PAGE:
Parents, Guardians, and Custodians in Child Abuse and Neglect Cases – 1 of 4

Updated June 2017   Fact Sheet PDF


Introduction

When the Juvenile Court has an abuse or neglect case, the purpose of the court is to keep children safe and help families have safe homes for their children. If possible, the Juvenile Judge will allow the children to remain in the home if they can be safe and protected from harm.

 

The Juvenile Judge takes children out of the home when they cannot be safe and protected in the home. Children are not removed from their home to punish their parents, guardians, or custodians.

 

The Juvenile Judge can order you and your family to get help. The Judge can also order that your child be taken from your custody and placed in the temporary custody of the Arkansas Department of Human Services (DHS). This means that, for the time being, DHS is legally responsible for your child and, with the approval of the Juvenile Judge, can decide where your child should live and what you need to do to have your child returned to you.

 

If your child is removed from your home, the Juvenile Judge may order you to pay child support. This is because you are still the parent, guardian, or custodian, and you still have a duty to support your child, even if your child is living outside your home.

 

It is very important for you to know that the same problems or actions that brought you to Juvenile Court may cause criminal charges to be brought against you, your partner, someone else who lives in your house, someone else in your family who does not live in your house, or anyone who has harmed your child or put your child in danger.

 

If Your Child Is Removed from Your Home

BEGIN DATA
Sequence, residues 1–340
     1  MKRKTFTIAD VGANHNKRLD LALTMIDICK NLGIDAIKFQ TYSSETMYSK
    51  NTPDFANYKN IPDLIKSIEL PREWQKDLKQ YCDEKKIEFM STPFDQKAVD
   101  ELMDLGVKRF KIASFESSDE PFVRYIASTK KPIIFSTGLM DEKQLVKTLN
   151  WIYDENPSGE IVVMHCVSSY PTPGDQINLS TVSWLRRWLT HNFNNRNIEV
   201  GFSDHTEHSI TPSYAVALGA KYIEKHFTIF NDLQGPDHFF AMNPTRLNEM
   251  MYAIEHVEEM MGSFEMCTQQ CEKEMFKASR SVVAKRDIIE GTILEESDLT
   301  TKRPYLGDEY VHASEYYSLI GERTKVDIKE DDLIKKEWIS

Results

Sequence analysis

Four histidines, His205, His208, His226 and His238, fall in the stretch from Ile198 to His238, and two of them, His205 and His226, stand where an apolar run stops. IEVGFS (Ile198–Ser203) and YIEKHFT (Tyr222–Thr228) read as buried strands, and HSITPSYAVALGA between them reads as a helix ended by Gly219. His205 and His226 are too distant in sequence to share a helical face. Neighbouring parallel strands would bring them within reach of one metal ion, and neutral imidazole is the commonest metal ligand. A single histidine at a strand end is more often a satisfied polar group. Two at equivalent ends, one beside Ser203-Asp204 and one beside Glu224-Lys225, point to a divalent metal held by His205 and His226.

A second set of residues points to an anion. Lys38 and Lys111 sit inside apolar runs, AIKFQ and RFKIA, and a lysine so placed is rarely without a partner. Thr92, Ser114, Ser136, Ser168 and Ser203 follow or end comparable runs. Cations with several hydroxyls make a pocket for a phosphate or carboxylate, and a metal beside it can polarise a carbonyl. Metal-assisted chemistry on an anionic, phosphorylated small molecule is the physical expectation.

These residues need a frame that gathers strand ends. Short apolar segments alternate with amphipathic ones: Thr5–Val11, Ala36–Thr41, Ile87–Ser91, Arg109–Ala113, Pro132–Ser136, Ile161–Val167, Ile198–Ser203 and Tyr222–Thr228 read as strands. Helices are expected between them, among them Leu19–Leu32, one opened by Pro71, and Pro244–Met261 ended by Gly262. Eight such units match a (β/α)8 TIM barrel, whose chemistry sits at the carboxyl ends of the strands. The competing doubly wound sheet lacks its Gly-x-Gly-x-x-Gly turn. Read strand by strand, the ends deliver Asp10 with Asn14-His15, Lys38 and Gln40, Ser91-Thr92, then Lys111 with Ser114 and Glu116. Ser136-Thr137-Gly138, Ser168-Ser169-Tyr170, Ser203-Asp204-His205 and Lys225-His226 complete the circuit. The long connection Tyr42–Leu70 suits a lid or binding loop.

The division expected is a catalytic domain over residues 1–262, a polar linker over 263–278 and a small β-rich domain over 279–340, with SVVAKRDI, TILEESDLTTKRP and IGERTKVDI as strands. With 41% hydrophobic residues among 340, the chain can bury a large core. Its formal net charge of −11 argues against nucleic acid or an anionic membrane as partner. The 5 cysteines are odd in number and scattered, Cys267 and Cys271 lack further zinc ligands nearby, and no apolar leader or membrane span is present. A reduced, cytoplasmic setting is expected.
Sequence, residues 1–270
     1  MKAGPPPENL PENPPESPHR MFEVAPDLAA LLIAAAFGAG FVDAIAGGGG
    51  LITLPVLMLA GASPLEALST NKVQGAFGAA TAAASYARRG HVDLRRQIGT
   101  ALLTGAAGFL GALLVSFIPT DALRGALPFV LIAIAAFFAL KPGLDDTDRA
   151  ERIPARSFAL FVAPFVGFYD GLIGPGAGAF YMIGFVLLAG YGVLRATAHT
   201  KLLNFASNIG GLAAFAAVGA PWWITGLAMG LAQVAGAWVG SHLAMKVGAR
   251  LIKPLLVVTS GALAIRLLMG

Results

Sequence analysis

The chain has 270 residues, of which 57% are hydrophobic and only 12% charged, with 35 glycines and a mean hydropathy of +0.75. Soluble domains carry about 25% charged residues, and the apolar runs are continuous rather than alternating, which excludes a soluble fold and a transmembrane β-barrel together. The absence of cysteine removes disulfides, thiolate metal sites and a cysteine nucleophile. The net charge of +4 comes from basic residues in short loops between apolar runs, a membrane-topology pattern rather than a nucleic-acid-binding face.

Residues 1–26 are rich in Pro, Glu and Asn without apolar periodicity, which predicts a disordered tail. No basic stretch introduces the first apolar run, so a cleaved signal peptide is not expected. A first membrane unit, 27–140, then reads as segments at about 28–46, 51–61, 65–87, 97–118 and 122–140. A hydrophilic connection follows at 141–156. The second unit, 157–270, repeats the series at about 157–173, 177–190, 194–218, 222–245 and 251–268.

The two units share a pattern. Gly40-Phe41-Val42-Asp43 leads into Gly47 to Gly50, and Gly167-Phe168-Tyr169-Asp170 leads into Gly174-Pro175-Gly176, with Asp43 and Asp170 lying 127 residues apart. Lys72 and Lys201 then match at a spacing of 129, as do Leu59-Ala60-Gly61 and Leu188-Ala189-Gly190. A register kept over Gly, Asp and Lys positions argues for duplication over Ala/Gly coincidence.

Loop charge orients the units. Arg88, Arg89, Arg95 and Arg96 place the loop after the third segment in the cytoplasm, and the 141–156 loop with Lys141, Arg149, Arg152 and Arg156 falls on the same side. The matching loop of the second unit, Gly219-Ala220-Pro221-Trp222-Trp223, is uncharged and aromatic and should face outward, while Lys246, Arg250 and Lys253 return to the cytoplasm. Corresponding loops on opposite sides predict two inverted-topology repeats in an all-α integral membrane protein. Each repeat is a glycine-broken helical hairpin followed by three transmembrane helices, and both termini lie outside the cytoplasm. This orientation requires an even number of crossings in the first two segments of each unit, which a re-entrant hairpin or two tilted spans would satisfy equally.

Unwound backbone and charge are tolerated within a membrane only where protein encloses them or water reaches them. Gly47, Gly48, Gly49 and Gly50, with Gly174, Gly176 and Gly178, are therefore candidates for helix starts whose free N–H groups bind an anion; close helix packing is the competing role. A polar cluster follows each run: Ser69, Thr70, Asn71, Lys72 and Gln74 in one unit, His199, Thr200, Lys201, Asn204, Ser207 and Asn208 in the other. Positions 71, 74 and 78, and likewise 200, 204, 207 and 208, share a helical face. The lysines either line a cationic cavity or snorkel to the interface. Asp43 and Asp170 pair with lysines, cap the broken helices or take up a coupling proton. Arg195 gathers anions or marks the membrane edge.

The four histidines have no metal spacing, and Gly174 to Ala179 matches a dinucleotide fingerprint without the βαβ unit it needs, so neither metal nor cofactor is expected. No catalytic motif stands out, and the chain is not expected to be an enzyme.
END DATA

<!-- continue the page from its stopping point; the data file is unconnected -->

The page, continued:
If your child is removed from your home, you will receive a copy of the papers that have been filed with the court. One of the papers is called a Petition for Emergency Custody. The petition is written after the DHS receives and investigates a report of abuse or neglect concerning your child.

 

The emergency hearing must be held within five working days from the date of the filing of the order that the Judge signs taking custody from you. The petition lists you as a defendant. This means you are the parent, guardian, or custodian in a child abuse and neglect case. The child is also listed as a defendant. An affidavit is attached to the petition. The affidavit contains one or more allegations, which are sworn statements of what is believed to have happened and the reasons that the DHS believes that your child needs to be in the custody of the DHS. If you are low income, and your child has been removed from your custody, you are entitled to appointment of free legal representation.

 

When the petition is given to you, it will have a paper called a summons attached to the front of it. The summons tells you the date, time, and place where the court hearing will take place so that you can be present for the hearing. It also tells you about your right to have an attorney represent you and how to get an attorney if you cannot afford to pay for an attorney.

 

See more fact sheets in this series at arlegalservices.org/fact-sheets

 

This fact sheet is a collaboration of the Center for Arkansas Legal Services and Legal Aid of Arkansas, Inc. These nonprofit organizations provide free legal assistance to eligible Arkansans who meet income, asset, and other guidelines. Legal assistance may also include advice and counsel, brief services, or full representation depending on the situation. For more information about civil legal aid in Arkansas, please visit arlegalservices.org. For information specific to Legal Aid of Arkansas, Inc., visit arlegalaid.org. Apply for services online or by calling 1-800-9-LAW-AID (1-800-952-9243).
The information and statements of law in this fact sheet should not be considered legal advice. This fact sheet is provided as a broad guide to help you understand how certain legal matters are handled in general. Courts may interpret the law differently. Before you take action, talk to an attorney and follow his or her advice. Always do what the court tells you to do.
Content provided by: Center for Arkansas Legal Services

 

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